PETALING JAYA, Malaysia - The sacred bowl of rice that used to save lives could now be harmful - and even deadly.
Plastic rice laced with poisonous resin has reportedly reached the shores of several Asian nations with the latest news circulating that it has entered Singapore.
Health experts and dieticians have warned that consuming such fake grains could be lethal or seriously damage the digestive system.
The news of the fake rice, commonly sold in Chinese markets, especially in Taiyuan in Shaanxi province, have been circulating on popular social media platforms such as WhatsApp and Facebook.
Minister Datuk Seri Hasan Malek said the message, which had gone viral, might be true or false but the ministry would not take such things lightly.
"I, too, have heard about the news. The news can be true or false; we don't know about it.
"We also don't know if the fake rice has landed in the country but we cannot take such things lightly.
"We will carry out investigations nationwide," Hasan said yesterday.
The plastic rice, reportedly made from potatoes, sweet potatoes, with synthetic resin moulded into the shape of real rice, is said to have made its way into countries with large rural population such as India, Indonesia, Vietnam and lately, Singapore.
The rice is said to stay hard after it has been cooked.
Hasan added that the investigating team would focus on small sundry shops to check whether they were selling the fake rice, especially in the outskirts and rural areas.
"We will conduct our investigations, but at the same time I would like to plead with consumers to come forward and report to the ministry if they come across such rice.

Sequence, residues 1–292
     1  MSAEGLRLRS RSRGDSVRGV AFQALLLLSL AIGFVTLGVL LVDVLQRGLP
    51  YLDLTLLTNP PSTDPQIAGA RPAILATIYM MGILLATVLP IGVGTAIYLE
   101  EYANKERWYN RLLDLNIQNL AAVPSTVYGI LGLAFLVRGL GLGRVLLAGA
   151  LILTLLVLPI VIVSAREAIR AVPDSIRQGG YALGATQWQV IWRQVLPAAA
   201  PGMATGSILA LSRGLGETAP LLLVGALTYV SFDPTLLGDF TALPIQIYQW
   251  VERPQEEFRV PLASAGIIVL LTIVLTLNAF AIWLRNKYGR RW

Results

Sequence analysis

"All reports made will be treated confidentially," he said, adding that the ministry would take action against errant traders.
Sources from the rice industry said such rice would not be sold openly at supermarkets and hypermarkets.
"If there is existence of this rice in Malaysia, it would most likely be sold in small shops," one source said.
He also noted that it would be hard for wholesalers to bring in the plastic rice following strict regulations at the country's entry points.
"However, there are possibilities that the plastic rice can be smuggled in through the border states," he said.
Smugglers can use various methods to bring in the product as they know it would be hard to detect if the plastic rice was to be mixed with normal rice, he said.
When contacted, National Heart Institute (IJN) chief dietitian Mary Easaw-John said: "Some substances, such as plastic resin, are not meant to be edible and in the long run will have negative implications on the digestive system."
Food adulteration is a serious problem. About 300,000 people fell sick and at least six infants died in 2008 when Chinese milk and infant formula was found to be adulterated with melamine.
Later that year, melamine was also discovered in Chinese eggs.